Cynthia Teniente-Matson | President | Texas A&M University – San Antonio
Cynthia Teniente-Matson leads Texas A&M University-San Antonio, established in 2009 and accredited as a stand-alone university in 2014. The university has 6,500 students, approximately three-quarters of whom are the first in their families to attend college.
I grew up five miles from our current campus and left when I was six years old. Back then, south San Antonio was an education desert—there were no institutions of higher learning.
When I came here in 2015, we were starting from scratch—an enviable position. Our first freshman class of full-time, four-year students was what I call a “majority minority,” with 75% being the first members of their family to attend college, and more than 80% self-identifying as Hispanic or Latino. I refused to look at the racial, social, and economic diversity within our community as a challenge; rather, I saw it as an opportunity to boost service to a community historically underserved.
I knew we had to offer more than the physical space and academics: We had to establish a series of programs to ensure all students are positioned to succeed academically.
We are laser focused on becoming a national model for student and academic success. Every student is assigned a student success coach, someone different from their academic advisors and faculty mentors. For all students, especially for those who are the first in their family to attend college, attending a university is akin to an international experience. We want to make sure all students feel welcome.
We also set up a 15 to finish Graduation Pledge, which is an initiative to help students complete their baccalaureate degree in four years. This necessitates a balance of intentional student programming, structured advising and student roadmaps. Joining the university community begins with a mandatory one-week orientation “studio” called JagX – named after the University’s mascot, General the Jaguar. Following is “Jaguar Tracks” – a four-year stackable course plan. During year one, students learn academic skills like research and writing while participating in activities designed to build a sense of community and belonging. Jag Tracks also focuses on opportunities to transfer knowledge to students who may not have college in their family history. Career advising is built into the curriculum through all four tracks. In addition, the Center for Experiential Learning and Community Engagement was established to provide students with hands-on experience in varying environments within the community.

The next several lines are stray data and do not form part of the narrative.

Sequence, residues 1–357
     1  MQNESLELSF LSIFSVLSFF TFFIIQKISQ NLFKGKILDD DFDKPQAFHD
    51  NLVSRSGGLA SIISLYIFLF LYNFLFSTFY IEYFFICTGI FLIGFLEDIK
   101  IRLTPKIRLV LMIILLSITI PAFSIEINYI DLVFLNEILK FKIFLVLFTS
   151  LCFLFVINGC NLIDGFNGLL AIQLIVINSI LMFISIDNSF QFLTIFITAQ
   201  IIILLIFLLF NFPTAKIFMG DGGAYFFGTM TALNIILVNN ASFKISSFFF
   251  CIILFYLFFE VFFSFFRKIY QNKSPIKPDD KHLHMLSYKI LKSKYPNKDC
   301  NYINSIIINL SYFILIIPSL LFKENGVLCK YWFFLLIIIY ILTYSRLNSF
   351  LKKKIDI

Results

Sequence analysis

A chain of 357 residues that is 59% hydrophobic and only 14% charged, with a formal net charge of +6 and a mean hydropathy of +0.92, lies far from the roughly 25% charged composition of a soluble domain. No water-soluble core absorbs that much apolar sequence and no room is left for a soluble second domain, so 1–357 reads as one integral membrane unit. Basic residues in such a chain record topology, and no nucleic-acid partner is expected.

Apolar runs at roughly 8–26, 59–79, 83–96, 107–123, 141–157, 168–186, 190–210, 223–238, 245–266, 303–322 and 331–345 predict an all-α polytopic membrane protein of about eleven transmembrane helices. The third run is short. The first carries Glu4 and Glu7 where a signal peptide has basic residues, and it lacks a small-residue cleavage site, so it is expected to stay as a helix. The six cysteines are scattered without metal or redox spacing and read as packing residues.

In collaboration with my Cabinet, we continually ask ourselves, “What do our students and parents need to know about the transition to college, and what role do parents play in student success?” I spend a significant amount of time talking with parents during orientation about our University structure and writing informative letters to parents throughout the year regarding roles and expectations. Because a majority of our students live at home, we have to educate the whole family network about the collegiate experience and opportunities for building pathways to prosperity.
Our goal is to graduate students in four years at levels above the national norm with as little debt as possible. As a result, we’re doing everything to scale. We don’t think we have time to experiment with pilot programs. We’re continually making modifications to improve our process and programs as we move forward.